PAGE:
Happy house hunting tips

it was swell


Guest post written by Kevin, while I am out at work.

We’ve been thinking about starting to look for a house to buy for quite a while now. We have of course moved around a bit recently, but finally arrived at the place we are going to stay for the next few years, so it’s high time we bought a house for the kids to grow up in. And us to grow old in.

little bed thieves

Buying a home is the biggest, and most important thing purchase we’ll ever make – I can’t think of anything much bigger apart from an island in the Waitemata. So it is imperative to make sure we are aware of any underyling problems a house might have. Rushing in and making a bad decision could leave us in a lot of hot water – in the shape of unexpected and expensive construction costs. So this is why we view potential properties with a critical eye – and we will make sure we have a good list of things to keep an eye out for. So nobody gets carried away and we buy a dud!

Our magic checklist makes sure we do a proper examination of our potential dream home. It’s easy (for Charlotte) to be distracted by pretty colours and a nice kitchen – and while that’s all good and well, she also needs to check the structural things like any good engineer’s daughter really ought to do.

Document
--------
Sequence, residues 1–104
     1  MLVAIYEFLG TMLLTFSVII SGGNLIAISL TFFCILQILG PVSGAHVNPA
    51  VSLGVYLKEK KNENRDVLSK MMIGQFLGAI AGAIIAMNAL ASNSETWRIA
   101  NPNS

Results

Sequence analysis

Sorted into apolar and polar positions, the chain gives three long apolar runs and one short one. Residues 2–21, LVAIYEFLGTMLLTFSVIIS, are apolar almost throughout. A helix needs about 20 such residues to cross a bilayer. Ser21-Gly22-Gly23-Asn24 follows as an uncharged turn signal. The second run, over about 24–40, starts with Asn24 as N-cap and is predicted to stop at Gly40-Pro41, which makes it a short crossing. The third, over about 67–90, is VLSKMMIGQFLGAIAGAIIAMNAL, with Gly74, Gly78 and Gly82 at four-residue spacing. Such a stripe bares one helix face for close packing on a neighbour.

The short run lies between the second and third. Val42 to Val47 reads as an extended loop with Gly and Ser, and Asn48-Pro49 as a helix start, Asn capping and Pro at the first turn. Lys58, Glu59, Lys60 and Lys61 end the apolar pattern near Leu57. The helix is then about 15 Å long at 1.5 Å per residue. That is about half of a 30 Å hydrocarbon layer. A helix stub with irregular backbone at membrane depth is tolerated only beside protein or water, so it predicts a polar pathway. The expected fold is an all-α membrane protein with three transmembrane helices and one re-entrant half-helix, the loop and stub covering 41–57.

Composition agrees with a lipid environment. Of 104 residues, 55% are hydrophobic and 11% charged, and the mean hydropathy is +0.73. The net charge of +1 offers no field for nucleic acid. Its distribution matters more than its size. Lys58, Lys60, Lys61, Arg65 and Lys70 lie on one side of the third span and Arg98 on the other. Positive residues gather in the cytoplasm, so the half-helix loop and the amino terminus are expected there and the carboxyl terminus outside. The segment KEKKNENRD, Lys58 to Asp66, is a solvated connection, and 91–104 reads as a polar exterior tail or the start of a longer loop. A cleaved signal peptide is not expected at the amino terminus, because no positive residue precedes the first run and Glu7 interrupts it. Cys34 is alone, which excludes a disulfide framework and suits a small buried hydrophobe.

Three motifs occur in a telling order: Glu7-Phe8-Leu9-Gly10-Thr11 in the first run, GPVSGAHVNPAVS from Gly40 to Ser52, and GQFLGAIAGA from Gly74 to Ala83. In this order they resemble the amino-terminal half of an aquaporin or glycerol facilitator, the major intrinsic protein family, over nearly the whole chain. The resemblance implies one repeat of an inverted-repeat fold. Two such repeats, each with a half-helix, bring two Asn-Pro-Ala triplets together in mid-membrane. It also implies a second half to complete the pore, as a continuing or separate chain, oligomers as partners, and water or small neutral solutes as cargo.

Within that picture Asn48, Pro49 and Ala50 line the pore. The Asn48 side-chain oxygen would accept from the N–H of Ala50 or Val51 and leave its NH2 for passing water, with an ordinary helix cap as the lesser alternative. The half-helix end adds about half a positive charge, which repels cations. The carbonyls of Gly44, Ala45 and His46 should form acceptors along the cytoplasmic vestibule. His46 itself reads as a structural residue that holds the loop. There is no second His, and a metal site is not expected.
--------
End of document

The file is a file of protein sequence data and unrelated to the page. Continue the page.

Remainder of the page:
My work room

Wear and tear is easy to see, and often easily fixed. But structural issues are often hidden to the untrained eye – and a lot more expensive to resolve.

We never realised you could get a checklist pre-made, but there are actually a few home viewing checklists you can buy online. Everest does a good one – their list of over 50 questions makes sure you can thoroughly check any potential property and not get caught out.

Our number one rule when we find a house we like is to look past the lovely bits and see if we can find anything that might be structurally amiss. Because if we do find something that needs to be repaired it should come off the asking price – or if it’s bad, to be completely avoided.

It always pays to pay a professional to check the property as well if it’s definitely the one you want. In New Zealand Charlotte’s dad always did the big crawl under the house and knocking on walls for us to check for structural soundness.


It’s imperative you check flood records for the area as well as any local planning applications. And remember to visit in the morning and evening – and on a weekend if you can, before you sign on the dotted line. If you aren’t shy talk to some of your potential new neighbours – knock on doors and ask them what it’s like to live there.

We have looked at quite a few properties over the years and bought one or two of them, and if you stick to these basic principles above, as we have, you can’t go wrong.

Happy house hunting.

farewell beautiful garden






Leave a Reply

Your email address will not be published. Required fields are marked *